"The freedom that is given to the child is not liberation from parents and teachers; it is not freedom from the laws of Nature or of the state or of society; but the utmost freedom for self-development and self-realization compatible with service to society."
Students experience more of both freedom and responsibility in the Middle School. While teachers provide scaffolding, students build their own habits of organization and routine in order to keep up with a greater workload and meet the academic goals they set for themselves. At the end of each week students complete a self-assessment and take incomplete work home for the weekend. When they return to school on Monday, they will conference with their teachers to discuss goals and progress. Each quarter students prepare a more in depth self-assessment and compile a portfolio of their work to share their achievements, challenges, and intentions for improvement with their parents.
In Middle School students are given a variety of opportunities to demonstrate mastery. Assessment is ongoing and includes teacher observation, tests, projects, and presentations. Rubrics and self-assessments provide clear expectations and allow students to set goals and evaluate their own learning. In addition students receive constructive feedback on their work. During this bridge between elementary and high school we aim to prepare students for traditional grading standards. Therefore tests and projects are scored on a traditional grading scale and report cards include letter grades.
It is vital that students establish successful habits around homework in order to make steady progress throughout the program as well as to prepare for high school and college. Village Gate teachers are committed to assigning reasonable amounts of meaningful work for students to complete independently. While students may take some time creating a routine and developing the self-discipline for homework, they are supported and encouraged throughout the process. Parents can help by maintaining an environment at home that is conducive to work at a regular time each evening. Gentle reminders are welcome, but we encourage parents to allow students to take full responsibility for their work and experience the natural consequences that result from neglecting homework.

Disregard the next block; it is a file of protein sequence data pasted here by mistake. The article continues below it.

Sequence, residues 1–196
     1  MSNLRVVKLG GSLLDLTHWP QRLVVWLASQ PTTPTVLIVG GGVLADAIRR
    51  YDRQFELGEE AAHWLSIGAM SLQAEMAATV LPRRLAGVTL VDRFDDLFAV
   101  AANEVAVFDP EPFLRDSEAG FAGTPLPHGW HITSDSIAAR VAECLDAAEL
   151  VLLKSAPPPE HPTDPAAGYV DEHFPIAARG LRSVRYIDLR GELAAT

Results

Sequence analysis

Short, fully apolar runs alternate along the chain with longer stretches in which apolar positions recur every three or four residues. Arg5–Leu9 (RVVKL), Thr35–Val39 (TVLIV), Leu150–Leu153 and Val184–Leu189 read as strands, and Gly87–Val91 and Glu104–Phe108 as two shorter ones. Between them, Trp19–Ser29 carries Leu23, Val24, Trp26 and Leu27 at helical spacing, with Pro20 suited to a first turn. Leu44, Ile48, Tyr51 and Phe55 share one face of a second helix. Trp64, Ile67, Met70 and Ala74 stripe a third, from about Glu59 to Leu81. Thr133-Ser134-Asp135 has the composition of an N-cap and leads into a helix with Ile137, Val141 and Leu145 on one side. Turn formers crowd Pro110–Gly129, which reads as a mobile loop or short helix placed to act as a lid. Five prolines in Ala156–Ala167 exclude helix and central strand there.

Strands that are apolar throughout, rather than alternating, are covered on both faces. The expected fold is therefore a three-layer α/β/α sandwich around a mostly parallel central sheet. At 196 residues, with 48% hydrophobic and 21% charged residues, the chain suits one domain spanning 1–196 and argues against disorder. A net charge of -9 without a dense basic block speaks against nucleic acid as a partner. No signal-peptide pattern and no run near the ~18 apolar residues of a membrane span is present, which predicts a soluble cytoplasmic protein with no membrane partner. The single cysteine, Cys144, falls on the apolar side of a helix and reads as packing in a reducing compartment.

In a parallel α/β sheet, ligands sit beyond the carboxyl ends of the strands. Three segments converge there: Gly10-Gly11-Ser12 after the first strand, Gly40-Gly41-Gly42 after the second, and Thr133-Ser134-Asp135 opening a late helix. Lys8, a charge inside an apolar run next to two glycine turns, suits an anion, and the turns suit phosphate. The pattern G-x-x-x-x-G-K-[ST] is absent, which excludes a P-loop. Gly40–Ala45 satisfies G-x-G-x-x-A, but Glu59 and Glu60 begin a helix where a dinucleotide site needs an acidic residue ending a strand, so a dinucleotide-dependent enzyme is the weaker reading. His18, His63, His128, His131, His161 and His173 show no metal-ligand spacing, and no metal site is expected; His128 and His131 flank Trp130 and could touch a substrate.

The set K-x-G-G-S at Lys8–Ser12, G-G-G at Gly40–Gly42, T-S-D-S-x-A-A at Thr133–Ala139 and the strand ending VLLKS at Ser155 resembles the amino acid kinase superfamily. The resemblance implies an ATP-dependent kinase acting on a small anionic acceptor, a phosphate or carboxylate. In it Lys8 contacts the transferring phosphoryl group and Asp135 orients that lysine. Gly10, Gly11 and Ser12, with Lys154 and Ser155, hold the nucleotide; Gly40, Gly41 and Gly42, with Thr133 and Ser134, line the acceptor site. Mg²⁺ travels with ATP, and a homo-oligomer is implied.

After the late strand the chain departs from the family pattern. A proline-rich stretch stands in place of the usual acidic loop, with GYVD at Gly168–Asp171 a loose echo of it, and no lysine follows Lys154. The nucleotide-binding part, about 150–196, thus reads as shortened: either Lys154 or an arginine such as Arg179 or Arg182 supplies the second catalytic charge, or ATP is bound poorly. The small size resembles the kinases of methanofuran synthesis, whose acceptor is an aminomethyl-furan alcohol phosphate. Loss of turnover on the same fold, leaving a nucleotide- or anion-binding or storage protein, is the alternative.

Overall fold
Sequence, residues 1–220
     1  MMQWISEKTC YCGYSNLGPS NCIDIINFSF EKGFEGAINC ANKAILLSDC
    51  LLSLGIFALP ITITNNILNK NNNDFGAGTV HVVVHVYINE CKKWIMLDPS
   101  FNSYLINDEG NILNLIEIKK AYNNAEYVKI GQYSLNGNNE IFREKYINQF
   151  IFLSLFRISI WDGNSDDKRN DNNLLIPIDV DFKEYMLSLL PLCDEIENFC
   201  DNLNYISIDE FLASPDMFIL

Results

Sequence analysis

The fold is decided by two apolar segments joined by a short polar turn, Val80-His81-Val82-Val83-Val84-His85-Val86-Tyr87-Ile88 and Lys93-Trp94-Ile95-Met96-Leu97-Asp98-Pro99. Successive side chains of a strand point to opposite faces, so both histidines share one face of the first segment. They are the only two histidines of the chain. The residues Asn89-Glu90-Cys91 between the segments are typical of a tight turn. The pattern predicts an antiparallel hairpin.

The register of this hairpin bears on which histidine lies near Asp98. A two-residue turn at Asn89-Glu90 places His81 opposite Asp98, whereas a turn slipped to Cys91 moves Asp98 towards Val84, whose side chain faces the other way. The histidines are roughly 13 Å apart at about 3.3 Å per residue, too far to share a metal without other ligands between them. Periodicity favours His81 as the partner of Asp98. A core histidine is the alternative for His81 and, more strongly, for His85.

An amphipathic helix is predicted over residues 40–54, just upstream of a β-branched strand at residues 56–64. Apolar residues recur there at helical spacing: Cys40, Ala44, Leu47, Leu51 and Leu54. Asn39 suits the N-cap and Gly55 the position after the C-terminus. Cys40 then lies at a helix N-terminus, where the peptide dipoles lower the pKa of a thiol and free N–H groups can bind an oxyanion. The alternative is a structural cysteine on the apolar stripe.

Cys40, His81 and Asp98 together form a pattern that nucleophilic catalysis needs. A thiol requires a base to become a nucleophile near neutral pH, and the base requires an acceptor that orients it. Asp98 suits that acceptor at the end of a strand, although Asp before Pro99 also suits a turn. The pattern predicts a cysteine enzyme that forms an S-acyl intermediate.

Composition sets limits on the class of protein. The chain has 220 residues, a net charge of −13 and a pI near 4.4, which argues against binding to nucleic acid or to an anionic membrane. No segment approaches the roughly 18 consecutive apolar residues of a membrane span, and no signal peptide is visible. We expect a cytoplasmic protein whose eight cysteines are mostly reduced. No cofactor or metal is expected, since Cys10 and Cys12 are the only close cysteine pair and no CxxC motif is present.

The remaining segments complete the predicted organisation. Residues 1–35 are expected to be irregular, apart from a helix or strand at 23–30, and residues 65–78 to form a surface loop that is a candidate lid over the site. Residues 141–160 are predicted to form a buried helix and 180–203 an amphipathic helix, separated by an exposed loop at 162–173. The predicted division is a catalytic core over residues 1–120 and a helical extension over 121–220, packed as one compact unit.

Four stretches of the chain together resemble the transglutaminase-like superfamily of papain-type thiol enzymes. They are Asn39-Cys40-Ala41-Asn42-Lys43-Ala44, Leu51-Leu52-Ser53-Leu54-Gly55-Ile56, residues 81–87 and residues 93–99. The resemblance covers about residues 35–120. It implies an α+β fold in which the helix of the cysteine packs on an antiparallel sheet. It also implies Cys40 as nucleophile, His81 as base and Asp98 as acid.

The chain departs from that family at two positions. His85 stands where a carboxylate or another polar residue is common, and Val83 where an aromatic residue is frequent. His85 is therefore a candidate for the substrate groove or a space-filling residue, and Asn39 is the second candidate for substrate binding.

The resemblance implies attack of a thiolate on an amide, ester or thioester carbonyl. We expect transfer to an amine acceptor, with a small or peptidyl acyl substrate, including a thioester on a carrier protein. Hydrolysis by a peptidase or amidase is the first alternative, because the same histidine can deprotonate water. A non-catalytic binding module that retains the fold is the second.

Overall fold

Clothing can be one of the most contentious topics for adolescents and the adults in their lives. Teenagers use clothing as a way to express their personalities, to conform in order to feel accepted by a peer group, or to deviate in order to set themselves apart. As we all know, clothing can make us feel comfortable, empowered, attractive, or self-conscious. As our adolescents experiment with the clothes they wear, they learn subtle but important lessons about their world and their place in it from the responses to their choice of dress. At Village Gate we find it an important responsibility to help students navigate the often conflicting messages about their bodies and their clothes. We find that a strict dress code only serves to increase conflict, shame and a lack of fairness. Therefore, we approach the topic as an open conversation that fosters students' sense of agency and self-awareness. We encourage students to think consciously but not obsessively about the way they present themselves in different places and situations and to notice their own assumptions and judgments in response to others' dress. Our aim in this area, as with all areas of education, is to prepare students to engage confidently and successfully in the world beyond school.
Students require computers with word processing and spreadsheet software in order to complete assignments and prepare adequately for high school. Students are expected to use their computers strictly for research and school work while at school. If it helps their productivity, students are permitted to listen to music on their computers while working provided that they use headsets and approved playlists. Phones must be turned off and placed in the basket provided by the teachers each morning and will be returned at the end of the school day. If a student needs to reach a parent, he or she can use a teacher’s phone.